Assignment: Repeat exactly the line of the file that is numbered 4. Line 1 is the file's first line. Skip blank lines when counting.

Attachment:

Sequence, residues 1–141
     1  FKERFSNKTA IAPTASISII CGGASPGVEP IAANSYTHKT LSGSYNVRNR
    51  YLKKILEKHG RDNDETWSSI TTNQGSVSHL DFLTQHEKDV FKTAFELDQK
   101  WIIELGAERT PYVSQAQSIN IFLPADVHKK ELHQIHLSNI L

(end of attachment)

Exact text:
   101  WIIELGAERT PYVSQAQSIN IFLPADVHKK ELHQIHLSNI L